A Huddersfield teenager has been sent to a young offender institution after police twice caught him with drugs.
Leeds Crown Court heard officers went into an address in New Hall Road, Lockwood on the morning of September 25 last year.
Inside they found O’Neille Gabriel Joseph, then 18, and another male. The teenager was carrying a bag inside which were two wraps of crack cocaine, nine of heroin and 16 wraps of cannabis.
His driving licence and bank card were also in the bag along with two mobile phones.
Joseph maintained he had been asked to deliver the bag to that address and had not known the Class A drugs were inside.
He said he was told he could take some cannabis for himself for doing the delivery and had dropped his personal items into a compartment of the bag and had not looked at what else was in there.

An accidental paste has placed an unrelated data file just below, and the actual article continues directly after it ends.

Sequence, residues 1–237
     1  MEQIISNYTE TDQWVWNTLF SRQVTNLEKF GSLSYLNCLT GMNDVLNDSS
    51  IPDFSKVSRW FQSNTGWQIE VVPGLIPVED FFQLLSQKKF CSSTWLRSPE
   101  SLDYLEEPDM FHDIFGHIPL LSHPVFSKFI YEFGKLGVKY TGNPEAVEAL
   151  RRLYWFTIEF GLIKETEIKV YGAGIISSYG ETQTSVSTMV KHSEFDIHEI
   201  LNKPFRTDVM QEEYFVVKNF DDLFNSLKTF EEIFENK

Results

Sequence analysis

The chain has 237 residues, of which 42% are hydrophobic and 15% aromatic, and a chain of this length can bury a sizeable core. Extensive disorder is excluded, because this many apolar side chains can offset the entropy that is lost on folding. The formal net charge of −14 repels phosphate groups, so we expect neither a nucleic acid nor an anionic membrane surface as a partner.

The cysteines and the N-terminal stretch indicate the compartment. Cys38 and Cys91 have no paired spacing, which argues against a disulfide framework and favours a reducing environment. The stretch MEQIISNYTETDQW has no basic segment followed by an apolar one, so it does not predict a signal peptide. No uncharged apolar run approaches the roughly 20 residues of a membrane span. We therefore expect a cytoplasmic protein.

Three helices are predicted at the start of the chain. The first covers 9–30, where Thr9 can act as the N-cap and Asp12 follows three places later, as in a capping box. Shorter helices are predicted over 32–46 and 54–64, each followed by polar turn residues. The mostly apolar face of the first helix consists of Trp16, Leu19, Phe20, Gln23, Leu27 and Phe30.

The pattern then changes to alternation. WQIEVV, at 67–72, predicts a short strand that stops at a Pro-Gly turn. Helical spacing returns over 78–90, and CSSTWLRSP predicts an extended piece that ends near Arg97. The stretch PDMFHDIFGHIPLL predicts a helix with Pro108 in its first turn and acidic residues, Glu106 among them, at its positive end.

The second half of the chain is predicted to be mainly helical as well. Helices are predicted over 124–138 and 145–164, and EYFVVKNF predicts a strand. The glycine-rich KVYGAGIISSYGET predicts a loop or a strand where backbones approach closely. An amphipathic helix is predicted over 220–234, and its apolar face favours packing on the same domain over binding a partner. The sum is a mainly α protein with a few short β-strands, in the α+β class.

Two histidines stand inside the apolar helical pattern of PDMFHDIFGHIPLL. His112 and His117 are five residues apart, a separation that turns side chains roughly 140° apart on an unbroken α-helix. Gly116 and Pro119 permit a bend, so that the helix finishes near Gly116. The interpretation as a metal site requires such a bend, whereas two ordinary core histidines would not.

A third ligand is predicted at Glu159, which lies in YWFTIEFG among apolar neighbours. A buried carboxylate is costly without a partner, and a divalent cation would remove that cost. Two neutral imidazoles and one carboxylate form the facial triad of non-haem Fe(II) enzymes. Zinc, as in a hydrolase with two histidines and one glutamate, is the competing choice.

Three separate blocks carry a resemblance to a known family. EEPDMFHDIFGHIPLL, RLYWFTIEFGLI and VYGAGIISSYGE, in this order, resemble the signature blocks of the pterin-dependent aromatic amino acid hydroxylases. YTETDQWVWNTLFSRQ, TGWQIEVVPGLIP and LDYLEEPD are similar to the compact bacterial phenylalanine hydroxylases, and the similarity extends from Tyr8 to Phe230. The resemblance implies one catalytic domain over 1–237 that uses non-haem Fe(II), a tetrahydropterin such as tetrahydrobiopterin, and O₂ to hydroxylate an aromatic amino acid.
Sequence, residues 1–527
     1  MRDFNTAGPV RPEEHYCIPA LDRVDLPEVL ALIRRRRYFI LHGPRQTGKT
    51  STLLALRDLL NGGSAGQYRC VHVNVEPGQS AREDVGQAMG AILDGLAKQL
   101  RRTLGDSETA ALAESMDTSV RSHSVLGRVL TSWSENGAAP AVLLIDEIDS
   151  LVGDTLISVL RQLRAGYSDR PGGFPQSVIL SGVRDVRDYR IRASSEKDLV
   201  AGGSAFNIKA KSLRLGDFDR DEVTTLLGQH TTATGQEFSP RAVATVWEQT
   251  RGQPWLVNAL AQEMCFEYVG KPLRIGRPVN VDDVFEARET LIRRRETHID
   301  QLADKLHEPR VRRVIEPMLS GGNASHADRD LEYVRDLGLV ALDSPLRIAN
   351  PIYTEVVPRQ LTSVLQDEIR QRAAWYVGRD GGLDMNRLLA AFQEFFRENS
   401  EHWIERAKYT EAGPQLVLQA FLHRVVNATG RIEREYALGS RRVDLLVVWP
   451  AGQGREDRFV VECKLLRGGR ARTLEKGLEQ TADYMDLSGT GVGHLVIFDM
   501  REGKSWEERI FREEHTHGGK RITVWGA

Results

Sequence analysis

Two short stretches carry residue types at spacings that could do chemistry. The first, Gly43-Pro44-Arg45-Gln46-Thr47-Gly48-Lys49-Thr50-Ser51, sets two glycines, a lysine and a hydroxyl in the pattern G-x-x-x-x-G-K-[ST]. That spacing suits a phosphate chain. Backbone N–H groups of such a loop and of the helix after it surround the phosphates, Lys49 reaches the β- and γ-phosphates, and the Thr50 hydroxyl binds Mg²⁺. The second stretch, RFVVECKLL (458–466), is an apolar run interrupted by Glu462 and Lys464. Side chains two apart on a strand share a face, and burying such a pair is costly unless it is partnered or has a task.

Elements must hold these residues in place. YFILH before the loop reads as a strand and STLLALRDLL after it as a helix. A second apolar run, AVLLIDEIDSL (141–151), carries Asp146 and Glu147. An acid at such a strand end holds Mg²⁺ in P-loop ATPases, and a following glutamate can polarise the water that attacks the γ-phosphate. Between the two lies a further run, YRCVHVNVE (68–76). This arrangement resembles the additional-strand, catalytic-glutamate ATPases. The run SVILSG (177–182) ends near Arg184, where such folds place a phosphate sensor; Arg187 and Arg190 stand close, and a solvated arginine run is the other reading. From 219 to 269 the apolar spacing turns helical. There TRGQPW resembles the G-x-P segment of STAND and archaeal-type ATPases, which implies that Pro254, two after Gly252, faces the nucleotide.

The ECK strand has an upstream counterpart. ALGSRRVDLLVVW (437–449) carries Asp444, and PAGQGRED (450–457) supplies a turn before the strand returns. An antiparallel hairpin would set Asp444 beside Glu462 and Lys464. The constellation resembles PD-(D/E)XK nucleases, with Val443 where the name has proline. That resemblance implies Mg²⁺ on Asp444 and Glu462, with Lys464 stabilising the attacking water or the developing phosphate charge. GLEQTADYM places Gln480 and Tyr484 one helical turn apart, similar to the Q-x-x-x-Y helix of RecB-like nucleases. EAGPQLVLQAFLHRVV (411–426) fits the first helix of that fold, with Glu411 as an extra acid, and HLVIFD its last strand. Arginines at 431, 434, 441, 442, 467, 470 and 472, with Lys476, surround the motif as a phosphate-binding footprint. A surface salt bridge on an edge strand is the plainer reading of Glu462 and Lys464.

After hearing evidence from Joseph, Judge Tom Bayliss QC rejected his account and said: “I am quite sure you knew exactly what was in the bag.”
Robert Galley, prosecuting, said while on bail for those offences on July 10 this year Joseph was stopped by police near Westgate in Huddersfield town centre and found some cannabis in his possession for his own use and a kitchen knife in his pocket.
Georgina Goring, representing Joseph, said he had left school with seven GCSEs and started at Kirklees College studying for a diploma in health and social care.
At the same time he began doing some plastering work part-time in Dewsbury and became involved with some older males who he thought were friends.
“It is then his life took a turn for the worse,” she said.
At the time of the offences he was smoking cannabis himself but had since stopped.
Ms Goring added: “He has now realised the detrimental effect it was having on his life”.
She said he was only 19 and suggested he was naïve and at a crossroad in his life and could be given a chance to remain in the community.
Joseph, of Clement Street, Birkby, admitted possession with intent to supply cannabis, heroin and crack cocaine last September and possession of cannabis and a bladed article in July. He was given two years eight months in a young offender institution.
Judge Bayliss said there had to be punishment. “You have simply no concept of the harm you are doing by your actions.”